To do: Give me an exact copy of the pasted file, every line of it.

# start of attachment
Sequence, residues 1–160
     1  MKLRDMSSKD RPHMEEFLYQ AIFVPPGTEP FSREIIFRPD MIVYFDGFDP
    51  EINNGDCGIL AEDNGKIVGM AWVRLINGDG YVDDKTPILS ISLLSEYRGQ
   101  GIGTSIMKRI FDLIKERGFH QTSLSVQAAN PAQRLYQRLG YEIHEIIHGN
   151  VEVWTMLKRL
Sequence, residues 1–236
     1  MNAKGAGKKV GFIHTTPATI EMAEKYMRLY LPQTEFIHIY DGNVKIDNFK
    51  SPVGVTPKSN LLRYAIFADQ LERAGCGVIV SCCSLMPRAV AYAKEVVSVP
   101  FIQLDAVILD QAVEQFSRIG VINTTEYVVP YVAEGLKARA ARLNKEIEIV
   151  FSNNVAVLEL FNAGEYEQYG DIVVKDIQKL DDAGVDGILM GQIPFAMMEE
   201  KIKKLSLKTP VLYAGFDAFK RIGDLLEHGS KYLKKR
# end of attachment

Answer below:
Sequence, residues 1–160
     1  MKLRDMSSKD RPHMEEFLYQ AIFVPPGTEP FSREIIFRPD MIVYFDGFDP
    51  EINNGDCGIL AEDNGKIVGM AWVRLINGDG YVDDKTPILS ISLLSEYRGQ
   101  GIGTSIMKRI FDLIKERGFH QTSLSVQAAN PAQRLYQRLG YEIHEIIHGN
   151  VEVWTMLKRL
Sequence, residues 1–236
     1  MNAKGAGKKV GFIHTTPATI EMAEKYMRLY LPQTEFIHIY DGNVKIDNFK
    51  SPVGVTPKSN LLRYAIFADQ LERAGCGVIV SCCSLMPRAV AYAKEVVSVP
   101  FIQLDAVILD QAVEQFSRIG VINTTEYVVP YVAEGLKARA ARLNKEIEIV
   151  FSNNVAVLEL FNAGEYEQYG DIVVKDIQKL DDAGVDGILM GQIPFAMMEE
   201  KIKKLSLKTP VLYAGFDAFK RIGDLLEHGS KYLKKR